It’s been said that a suspense story is only ever as good as its antagonist, and I can’t help but agree. I like to think of a villain as a twisted mirror to the protagonist, perfectly built to oppose and attack him or her. It runs deeper than merely conflicting goals. Whatever the hero’s weakness is—that’s the villain’s strength. Whatever internal vice the hero is fighting—the villain surrendered to it ages ago. Whatever frightens the hero—the villain embodies it. These are the fundamentals, as I see them, for creating a good antagonist that properly drives and elevates the story.
As for a great one?
I won’t try to answer that, but I can give some of my personal favorite villains of all time, pulled from five terrific books and one terrific film. I’ve tried to avoid spoilers wherever possible:
No Country For Old Men, by Cormac McCarthy
Renegade cartel gun Anton Chigurh is an alien walking in human skin, and he’s all the more weirdly scary because his name rhymes with “sugar.” He’s methodical in his dispassionate killing and Terminator-like drive to accomplish his goals, but he’s not a generic force of mayhem. To his own risk and detriment, he seems to follow a twisted moral code; albeit one that’s entirely his own creation and utterly incompatible with ours. In this way, he’s the ultimate foil to Sheriff Bell, and the broader ideals of all law enforcement—an incomprehensible force, incompatible with our world, roaming freely within it.
Mr. Mercedes, by Stephen King
Contrasting the hard competence of Anton Chigurh is the sniveling Brady Hartsfield of Mr. Mercedes, who, if nothing else, thoroughly redefines the term “Mama’s Boy.” King demonstrates you can simultaneously pity a villain and loathe their guts by painting Brady as a broken man-child hidden in plain sight—working in an electronics store and selling ice cream, of all things—with a taste for petty cruelty and an utterly unhealthy relationship with his mother. Further complicating the mix of empathy and hatred, a key flashback scene involving a staircase will forever be burned into my mind. Brady is vile, weak, and wounded—and ultimately, a ticking time bomb that Detective Hodges must race to stop.
Intensity, by Dean Koontz
Edgler Foreman Vess, like many people, has a bit of an adventurous streak—but instead of whitewater rafting, he’s set his sights on the most extreme forms of homicide. During a bracing home-invasion sequence, one of the very first things we (and our heroine Chyna Sheperd) witness Vess do is pause his rampage to eat a spider. As character introductions go, it’s somewhere up there with the pencil scene from The Dark Knight. And it’s also something of a statement of intent from Koontz, because it’s only page 40. There’s still over 300 nerve-racking pages to go, and Vess is the fascinating evil at the center of it all, from his delusional narcissism (he gleefully points out that the letters in his name can be rearranged to spell ‘God Fears Me’), to his memorable choice in pets.
The Silence of the Lambs, by Thomas Harris
It feels like a cliche to include Hannibal Lector, but it would also be inappropriate not to. Here he is. Thomas Harris’s classic The Silence of the Lambs remains one of the most perfectly-told crime stories I’ve ever read, and one of my favorite things about it is how it elegantly casts Lector not as the villain running amok, but as a dangerous captive whose expertise our rookie heroine must use to accomplish her urgent mission—without allowing herself to get used by him. Through masterful writing and perfectly timed character beats, simple conversations through security bars become high-wire suspense set-pieces. And Lector himself is a towering and unforgettable presence, sophisticated, brilliant, and still cruel enough to talk a fellow inmate into swallowing his own tongue.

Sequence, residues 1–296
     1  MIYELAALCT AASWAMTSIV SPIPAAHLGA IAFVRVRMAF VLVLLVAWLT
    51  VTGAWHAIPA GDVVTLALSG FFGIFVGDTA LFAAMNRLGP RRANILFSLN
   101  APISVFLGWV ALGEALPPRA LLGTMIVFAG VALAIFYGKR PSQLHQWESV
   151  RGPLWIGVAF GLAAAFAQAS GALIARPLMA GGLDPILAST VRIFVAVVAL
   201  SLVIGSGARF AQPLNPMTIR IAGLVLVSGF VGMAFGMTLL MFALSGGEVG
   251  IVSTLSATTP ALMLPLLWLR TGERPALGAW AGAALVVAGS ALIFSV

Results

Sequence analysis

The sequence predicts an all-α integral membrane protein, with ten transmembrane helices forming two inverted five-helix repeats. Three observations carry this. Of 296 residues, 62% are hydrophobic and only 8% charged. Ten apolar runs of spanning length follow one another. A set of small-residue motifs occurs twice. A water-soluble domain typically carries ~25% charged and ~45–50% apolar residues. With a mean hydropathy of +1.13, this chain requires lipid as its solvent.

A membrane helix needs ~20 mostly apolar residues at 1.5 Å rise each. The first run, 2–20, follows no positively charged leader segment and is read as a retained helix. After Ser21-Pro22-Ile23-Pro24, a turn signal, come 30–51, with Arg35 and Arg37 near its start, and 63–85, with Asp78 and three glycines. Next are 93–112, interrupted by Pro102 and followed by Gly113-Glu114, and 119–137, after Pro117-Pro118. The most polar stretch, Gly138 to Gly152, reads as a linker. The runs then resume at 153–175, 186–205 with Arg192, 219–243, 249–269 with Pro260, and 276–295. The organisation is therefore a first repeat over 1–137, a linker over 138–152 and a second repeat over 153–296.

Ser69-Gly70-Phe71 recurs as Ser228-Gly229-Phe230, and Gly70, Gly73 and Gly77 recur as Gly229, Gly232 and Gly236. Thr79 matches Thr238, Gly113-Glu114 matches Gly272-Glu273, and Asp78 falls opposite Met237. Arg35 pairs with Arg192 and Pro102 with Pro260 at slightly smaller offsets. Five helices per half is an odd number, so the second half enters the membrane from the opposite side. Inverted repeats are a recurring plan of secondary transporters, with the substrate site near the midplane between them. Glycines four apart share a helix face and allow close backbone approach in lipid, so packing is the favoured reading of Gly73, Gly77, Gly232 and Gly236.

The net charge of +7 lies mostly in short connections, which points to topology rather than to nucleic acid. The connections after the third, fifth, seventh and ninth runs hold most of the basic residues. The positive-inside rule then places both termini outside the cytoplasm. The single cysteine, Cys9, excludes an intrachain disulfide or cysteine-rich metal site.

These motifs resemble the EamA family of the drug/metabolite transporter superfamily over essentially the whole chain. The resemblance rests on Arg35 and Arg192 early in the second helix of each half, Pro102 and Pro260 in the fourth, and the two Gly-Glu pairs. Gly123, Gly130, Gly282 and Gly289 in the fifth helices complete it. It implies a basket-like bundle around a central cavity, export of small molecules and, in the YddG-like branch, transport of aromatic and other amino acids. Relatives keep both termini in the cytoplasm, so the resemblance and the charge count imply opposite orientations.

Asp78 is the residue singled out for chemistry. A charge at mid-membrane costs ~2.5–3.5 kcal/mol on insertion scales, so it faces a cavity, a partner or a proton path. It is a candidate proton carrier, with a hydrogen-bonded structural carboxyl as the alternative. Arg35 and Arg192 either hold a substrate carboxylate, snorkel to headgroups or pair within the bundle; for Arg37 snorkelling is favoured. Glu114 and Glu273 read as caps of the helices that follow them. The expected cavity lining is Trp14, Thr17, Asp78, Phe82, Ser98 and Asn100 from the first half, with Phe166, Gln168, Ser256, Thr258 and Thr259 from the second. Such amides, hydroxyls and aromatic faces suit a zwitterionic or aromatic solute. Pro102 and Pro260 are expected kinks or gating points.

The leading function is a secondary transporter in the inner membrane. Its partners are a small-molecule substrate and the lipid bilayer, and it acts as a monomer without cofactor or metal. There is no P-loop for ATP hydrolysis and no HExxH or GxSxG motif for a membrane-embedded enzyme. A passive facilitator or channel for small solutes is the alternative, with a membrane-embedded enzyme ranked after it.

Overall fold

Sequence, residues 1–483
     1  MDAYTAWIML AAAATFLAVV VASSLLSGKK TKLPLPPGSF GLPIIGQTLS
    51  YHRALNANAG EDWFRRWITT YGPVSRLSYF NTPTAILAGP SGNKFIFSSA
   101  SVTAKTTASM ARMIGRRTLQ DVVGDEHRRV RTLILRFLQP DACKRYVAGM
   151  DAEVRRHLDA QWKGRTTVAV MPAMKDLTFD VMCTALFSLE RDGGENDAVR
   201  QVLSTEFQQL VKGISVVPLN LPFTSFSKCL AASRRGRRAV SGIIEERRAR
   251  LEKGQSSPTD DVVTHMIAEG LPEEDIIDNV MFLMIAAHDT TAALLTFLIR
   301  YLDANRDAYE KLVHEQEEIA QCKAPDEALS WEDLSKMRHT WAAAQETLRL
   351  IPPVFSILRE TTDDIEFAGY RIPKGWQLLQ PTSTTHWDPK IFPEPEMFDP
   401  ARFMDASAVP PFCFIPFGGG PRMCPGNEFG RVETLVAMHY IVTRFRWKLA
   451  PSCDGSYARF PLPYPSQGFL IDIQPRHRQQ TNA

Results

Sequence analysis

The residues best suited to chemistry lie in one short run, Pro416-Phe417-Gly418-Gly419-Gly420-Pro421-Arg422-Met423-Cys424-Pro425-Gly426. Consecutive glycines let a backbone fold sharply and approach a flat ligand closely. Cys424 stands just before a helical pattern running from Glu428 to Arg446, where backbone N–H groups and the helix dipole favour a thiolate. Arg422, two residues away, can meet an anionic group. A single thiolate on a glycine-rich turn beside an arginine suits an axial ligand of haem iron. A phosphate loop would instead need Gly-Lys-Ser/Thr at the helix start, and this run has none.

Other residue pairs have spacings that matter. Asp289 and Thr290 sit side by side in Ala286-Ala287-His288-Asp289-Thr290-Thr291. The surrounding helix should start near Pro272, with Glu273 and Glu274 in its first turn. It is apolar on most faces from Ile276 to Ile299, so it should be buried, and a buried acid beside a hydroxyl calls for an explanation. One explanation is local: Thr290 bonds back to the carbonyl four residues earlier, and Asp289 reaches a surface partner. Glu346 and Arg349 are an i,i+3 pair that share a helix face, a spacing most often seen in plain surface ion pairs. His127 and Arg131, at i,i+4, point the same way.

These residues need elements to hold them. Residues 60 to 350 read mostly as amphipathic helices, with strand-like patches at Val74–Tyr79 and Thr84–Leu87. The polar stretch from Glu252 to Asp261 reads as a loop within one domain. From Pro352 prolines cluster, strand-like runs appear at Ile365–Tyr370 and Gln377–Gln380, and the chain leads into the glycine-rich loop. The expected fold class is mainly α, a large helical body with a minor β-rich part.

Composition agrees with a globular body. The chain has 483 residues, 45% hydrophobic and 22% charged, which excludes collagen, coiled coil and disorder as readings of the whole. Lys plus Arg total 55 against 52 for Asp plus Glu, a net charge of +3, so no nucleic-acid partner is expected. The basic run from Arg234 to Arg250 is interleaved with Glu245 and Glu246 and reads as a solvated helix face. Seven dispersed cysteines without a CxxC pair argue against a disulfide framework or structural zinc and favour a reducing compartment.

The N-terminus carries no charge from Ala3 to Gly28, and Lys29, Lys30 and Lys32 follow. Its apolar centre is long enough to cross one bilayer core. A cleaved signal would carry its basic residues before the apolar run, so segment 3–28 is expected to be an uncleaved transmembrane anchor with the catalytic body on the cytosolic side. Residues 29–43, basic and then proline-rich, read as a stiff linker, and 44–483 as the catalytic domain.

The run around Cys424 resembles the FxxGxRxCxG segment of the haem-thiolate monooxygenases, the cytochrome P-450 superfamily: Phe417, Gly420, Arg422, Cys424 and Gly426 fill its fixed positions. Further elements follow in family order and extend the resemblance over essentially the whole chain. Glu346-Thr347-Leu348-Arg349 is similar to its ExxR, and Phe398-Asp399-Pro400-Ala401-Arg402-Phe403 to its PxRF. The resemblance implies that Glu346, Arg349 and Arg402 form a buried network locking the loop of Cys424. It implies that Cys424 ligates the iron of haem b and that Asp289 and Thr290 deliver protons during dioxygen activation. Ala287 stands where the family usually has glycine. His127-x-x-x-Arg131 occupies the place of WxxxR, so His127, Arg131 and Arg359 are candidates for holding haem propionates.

A Simple Plan, by Scott B. Smith
It’s difficult to explain why I love this book so much without venturing into spoiler territory, so I’ll keep the villain’s exact nature undefined. And that’s the point—three ordinary people leading ordinary lives, with existing tensions and emotional baggage, stumble across a life-changing amount of money in the remote forest and decide to take it for themselves. Although Smith’s enthralling morality tale sets many conventional consequences in motion, the truest and most disturbing villain is ever-present inside each of the main characters from the very first page. It lies dormant inside objectively “good” people, invisible until Smith exposes it in all its ugliness, as he does in a certain powerful plot twist that concludes an exhausting action sequence two-thirds of the way through the novel, which left me speechless. Read this book.
Green Room, dir. Jeremy Saulnier
One of my all-time favorite films also features one of my all-time favorite villains: the quietly scary Darcy, brought to life by a wildly cast-against-type Patrick Stewart. As a scrappy punk rock band witnesses a murder and finds themselves under siege in a titular green room by vicious skinheads, the gang’s criminal leader steps into the picture. He’s an exact reversal of expectations—polite, soft-spoken, and thoroughly in control. At first, he even appears to be a welcome voice of reason, offering to negotiate with our desperate and terrified heroes, promising to ensure their safety, and never once raising his voice. Even as his methods grow harsher, his eerie restraint—despite the escalating body count¯is bone-chilling to me, and makes Darcy a worthy final villain on my list.